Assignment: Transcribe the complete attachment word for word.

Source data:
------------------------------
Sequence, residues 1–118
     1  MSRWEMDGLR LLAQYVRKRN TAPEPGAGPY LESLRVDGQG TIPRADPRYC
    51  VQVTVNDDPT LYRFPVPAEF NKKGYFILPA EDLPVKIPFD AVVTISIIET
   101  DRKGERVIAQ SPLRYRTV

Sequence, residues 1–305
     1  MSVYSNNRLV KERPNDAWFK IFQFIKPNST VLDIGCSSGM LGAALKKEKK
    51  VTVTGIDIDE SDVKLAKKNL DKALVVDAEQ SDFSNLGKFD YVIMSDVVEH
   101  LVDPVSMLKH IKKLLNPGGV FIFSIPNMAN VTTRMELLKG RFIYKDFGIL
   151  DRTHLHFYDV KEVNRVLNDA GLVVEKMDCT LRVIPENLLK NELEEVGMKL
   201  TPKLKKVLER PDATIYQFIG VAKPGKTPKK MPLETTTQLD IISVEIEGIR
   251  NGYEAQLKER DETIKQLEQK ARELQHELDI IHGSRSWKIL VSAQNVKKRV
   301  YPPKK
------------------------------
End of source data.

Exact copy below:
Sequence, residues 1–118
     1  MSRWEMDGLR LLAQYVRKRN TAPEPGAGPY LESLRVDGQG TIPRADPRYC
    51  VQVTVNDDPT LYRFPVPAEF NKKGYFILPA EDLPVKIPFD AVVTISIIET
   101  DRKGERVIAQ SPLRYRTV

Sequence, residues 1–305
     1  MSVYSNNRLV KERPNDAWFK IFQFIKPNST VLDIGCSSGM LGAALKKEKK
    51  VTVTGIDIDE SDVKLAKKNL DKALVVDAEQ SDFSNLGKFD YVIMSDVVEH
   101  LVDPVSMLKH IKKLLNPGGV FIFSIPNMAN VTTRMELLKG RFIYKDFGIL
   151  DRTHLHFYDV KEVNRVLNDA GLVVEKMDCT LRVIPENLLK NELEEVGMKL
   201  TPKLKKVLER PDATIYQFIG VAKPGKTPKK MPLETTTQLD IISVEIEGIR
   251  NGYEAQLKER DETIKQLEQK ARELQHELDI IHGSRSWKIL VSAQNVKKRV
   301  YPPKK